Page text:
“Both round trips, Montara to Hanford via Livermore yielded 952 miles. We both felt lucky to have been able to obtain these appointments and grateful to the nurses and staff at the CVS located at 574 W. Lacey Blvd., Hanford.” —Alan Joss, Montara

“I noticed in the paper that Contra Costa County was opening vaccine sign-ups to anyone over 50 that lived or worked in the county.  I work at the old Ford Factory on Harbour Way South. The day of the announcement, I went to the county website to sign up, but was not able to do so since I did not fall in any of the eligible categories.  It appears the website was updated to allow for over 50 sign-ups the next day. That was Tuesday, March 24.  On Thursday night, March 26, I received a text with a link to the sign-up website.  I chose a few locations near my workplace and scheduled an appointment at one of them.  I received the first shot by Pfizer on April 1st.  While waiting during the observation period, I received a text with my second appointment, scheduled for April 26th.” — David Taylor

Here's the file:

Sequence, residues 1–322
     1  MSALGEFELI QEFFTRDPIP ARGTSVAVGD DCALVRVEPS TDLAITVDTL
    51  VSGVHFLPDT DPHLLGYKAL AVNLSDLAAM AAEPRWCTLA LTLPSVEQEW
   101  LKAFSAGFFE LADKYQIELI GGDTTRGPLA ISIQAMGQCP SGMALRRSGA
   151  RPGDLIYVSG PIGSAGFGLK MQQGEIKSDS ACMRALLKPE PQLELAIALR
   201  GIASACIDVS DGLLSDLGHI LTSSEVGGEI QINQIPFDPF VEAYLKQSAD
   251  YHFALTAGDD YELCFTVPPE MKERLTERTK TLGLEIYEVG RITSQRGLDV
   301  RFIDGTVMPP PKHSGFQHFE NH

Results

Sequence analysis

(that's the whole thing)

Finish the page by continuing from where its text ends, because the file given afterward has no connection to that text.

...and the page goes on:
“I just started looking yesterday [4/1] as I had assumed our doctor at UCSF would let us know when our turn would come up. But I was told by a friend it was every man (or woman) for himself during this pandemic so mother-in-law told me to go to VaccinateCA, which I did. It showed a list of places where to go, but they were fully booked. However, I kept scrolling down the site and San Francisco State University came up and they had appointments for the vaccine for my husband (55) and me (59). Honestly, I felt kind of guilty because I keep hearing that people are having trouble getting appointments and we got in right away.” — Mallory Graf